Our recent work sought to clarify reasons behind the aforementioned media coverage pattern. Boyle and Armstrong (2009) compared news treatment of pro-choice and pro-life protestors and found that tactical (i.e., specific actions taken to achieve goals) differences were a driving factor in how the two sides were covered. As tactics on the pro-life side intensified, resulting news coverage became more critical. There was also a shift in the nature of coverage pre- and post- Roe v. Wade such that pro-life protesters were treated more favorably before Roe v. Wade when abortion was illegal and pro-choice protesters treated more favorably after the decision made abortion legal. Boyle, McLeod, and Armstrong (2012) found a similar pattern of results in a follow-up analysis of international protest coverage: the tactics employed by protest groups exert the strongest influence on what is covered by the media. When protesters used more violent or disruptive actions, they were more likely to be treated critically by the media, independent of their goals.

Journalists are just like the audiences watching at home—they react to particular characteristics of the groups they cover. A group using more disruptive or violent tactics is more likely to be treated critically than a group using a less disruptive approach. This pattern of coverage provides relevant information for answering the second question concerning the implications that media coverage has for protesters.

Two studies shed light on the second question. In a survey study, Boyle and Schmierbach (2009) found that protest participants were more likely to seek out alternative press, possibly because mainstream media tend to present critical and marginalizing views of protesters, whereas alternative media are likely to provide more positive views of the protestors and also give relevant information on how people can get involved in their causes. In an experimental study, Boyle et al. (2006) showed that willingness to support extremist activists was greater when the activists were presented as a group as opposed to individuals. However, willingness to express opposition about the extremist activists was higher when they were described as individuals. Both studies demonstrate the broader implications that journalistic choices in covering protesters and activists have for how audiences react to them. Media coverage seeking to marginalize or negatively represent protesters will not only dissuade protesters from using those media, but also potentially dissuade the public from supporting those groups.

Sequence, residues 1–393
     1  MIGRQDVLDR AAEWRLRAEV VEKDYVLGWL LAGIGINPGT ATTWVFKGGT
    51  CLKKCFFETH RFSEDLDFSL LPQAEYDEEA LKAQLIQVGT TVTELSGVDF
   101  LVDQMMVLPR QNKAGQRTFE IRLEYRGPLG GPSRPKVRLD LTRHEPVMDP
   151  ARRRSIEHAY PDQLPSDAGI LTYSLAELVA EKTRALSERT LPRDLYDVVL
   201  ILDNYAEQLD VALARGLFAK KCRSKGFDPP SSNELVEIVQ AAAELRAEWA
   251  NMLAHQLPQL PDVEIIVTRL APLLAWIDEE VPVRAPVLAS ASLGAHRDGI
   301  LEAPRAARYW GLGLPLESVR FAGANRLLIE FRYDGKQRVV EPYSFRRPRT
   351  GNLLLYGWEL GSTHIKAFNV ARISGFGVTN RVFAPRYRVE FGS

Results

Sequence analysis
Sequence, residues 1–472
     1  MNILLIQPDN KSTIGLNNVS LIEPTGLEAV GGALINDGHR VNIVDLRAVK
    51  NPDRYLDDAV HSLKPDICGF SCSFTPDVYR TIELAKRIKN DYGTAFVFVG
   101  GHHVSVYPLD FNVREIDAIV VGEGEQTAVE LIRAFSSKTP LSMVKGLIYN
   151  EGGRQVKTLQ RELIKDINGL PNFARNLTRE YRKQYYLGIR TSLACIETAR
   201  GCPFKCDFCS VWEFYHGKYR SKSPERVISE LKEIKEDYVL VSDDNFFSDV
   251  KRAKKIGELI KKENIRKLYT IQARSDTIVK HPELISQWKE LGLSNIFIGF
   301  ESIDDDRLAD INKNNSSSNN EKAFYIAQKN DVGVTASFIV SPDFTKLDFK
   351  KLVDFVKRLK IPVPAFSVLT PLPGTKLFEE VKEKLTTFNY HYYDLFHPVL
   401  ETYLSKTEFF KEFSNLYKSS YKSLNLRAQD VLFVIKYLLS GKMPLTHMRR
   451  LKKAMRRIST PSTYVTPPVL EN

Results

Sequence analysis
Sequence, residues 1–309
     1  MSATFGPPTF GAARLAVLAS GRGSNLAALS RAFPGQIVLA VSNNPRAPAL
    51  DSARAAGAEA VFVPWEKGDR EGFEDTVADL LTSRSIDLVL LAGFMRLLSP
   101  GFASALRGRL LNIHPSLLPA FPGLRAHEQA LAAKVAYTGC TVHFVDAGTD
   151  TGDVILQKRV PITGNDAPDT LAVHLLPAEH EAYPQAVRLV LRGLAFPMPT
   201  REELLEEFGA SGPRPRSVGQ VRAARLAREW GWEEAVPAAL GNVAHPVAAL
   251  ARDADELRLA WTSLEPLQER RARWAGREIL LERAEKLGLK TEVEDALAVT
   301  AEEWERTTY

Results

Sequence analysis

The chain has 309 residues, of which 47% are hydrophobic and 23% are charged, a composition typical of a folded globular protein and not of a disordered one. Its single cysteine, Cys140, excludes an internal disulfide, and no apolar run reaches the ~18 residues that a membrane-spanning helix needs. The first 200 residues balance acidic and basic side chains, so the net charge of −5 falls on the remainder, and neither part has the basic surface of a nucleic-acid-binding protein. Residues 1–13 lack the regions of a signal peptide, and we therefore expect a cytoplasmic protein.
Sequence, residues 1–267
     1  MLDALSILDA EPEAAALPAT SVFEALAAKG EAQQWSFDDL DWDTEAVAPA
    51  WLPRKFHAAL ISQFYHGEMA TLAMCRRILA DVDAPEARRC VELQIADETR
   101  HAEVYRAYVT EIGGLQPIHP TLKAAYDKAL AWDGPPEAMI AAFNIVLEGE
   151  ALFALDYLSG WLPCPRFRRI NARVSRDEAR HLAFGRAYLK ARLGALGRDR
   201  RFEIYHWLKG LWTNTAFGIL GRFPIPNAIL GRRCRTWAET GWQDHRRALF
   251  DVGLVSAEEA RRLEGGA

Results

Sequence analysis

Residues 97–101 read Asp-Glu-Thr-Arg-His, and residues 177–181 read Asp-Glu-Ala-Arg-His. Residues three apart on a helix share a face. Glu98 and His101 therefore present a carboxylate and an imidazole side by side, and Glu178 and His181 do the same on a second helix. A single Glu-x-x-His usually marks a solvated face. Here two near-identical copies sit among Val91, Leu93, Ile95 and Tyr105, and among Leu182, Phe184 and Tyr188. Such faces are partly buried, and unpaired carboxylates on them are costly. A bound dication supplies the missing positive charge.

In summary, our research suggests that it matters how the news media treat protesters and how the success or failure of protest movements could be dictated by the news coverage they receive. Protesters often face an uphill battle in attempts to generate positive mainstream media coverage. In most cases, the marginalized coverage that results from disruptive or violent protests is less likely to generate public support to the protesters’ causes.


Almaskati, N.A. (2012). Newspaper coverage of the 2011 protests in Egypt. The International Communication Gazette, 74, 342-366.

Boyle, M.P., & Armstrong, C.A. (2009). Measuring level of deviance: Considering the distinct influence of goals and tactics on news treatment of abortion protests. Atlantic Journal of Communication, 17, 166-183.

Boyle, M.P., McCluskey, M.R., Devanathan, N., Stein, S.E., & McLeod, D.M. (2004). The influence of level of deviance and protest type on coverage of social protest in Wisconsin from 1960 to 1999. Mass Communication & Society, 7, 43-60.

Boyle, M.P., McLeod, D.M., & Armstrong, C.A. (2012). Adherence to the protest paradigm: The influence of protest goals and tactics on news coverage in U.S. and international newspapers. The International Journal of Press/Politics, 17, 127-144.

Boyle, M.P., & Schmierbach, M. (2009). Mainstream and alternative media use in predicting traditional and protest participation. Communication Quarterly, 57, 1-17.

Boyle, M.P., Schmierbach, M., Armstrong, C.L., Cho, J., McCluskey, M., McLeod, D.M., & Shah, D.V. (2006). Expressive responses to news stories about extremist groups: A framing experiment. Journal of Communication, 56, 271-288.

Chan, J. M., & Lee, C. C. (1984). The journalistic paradigm on civil protests: A case study of Hong Kong. In A. Arno & W. Dissanayake (Eds.), The news media in     national and international conflict (pp. 183–202). Boulder, CO: Westview.

Di Cicco, D.T. (2010). The public nuisance paradigm: Changes in mass media coverage of political protest since the 1960s. Journalism & Mass Communication Quarterly, 87, 135-153.

Gitlin, T. (1980). The whole world is watching: Mass media and the making and unmaking of the new left. Berkeley: University of California Press.

McLeod, D. M. (1999). The protest paradigm and news coverage of the “Right to Party” movement. In D.A. Schultz (Ed.), It’s show time!: Media, politics, and popular culture (pp. 29-50). New York: Peter Lang Publishing.

McLeod, D. M., & Hertog, J.K. (1992). The manufacture of public opinion by reporters: Informal cues for public perceptions of protest groups. Discourse and Society, 3, 259-275.

Shoemaker, P. J. (1984). Media treatment of deviant political groups. Journalism Quarterly, 61, 66–75, 82.

Weaver, D.A., & Scacco, J.M. (2013). Revisiting the protest paradigm: The Tea Party as filtered through prime-time cable news. The International Journal of Press/Politics, 18, 61-84.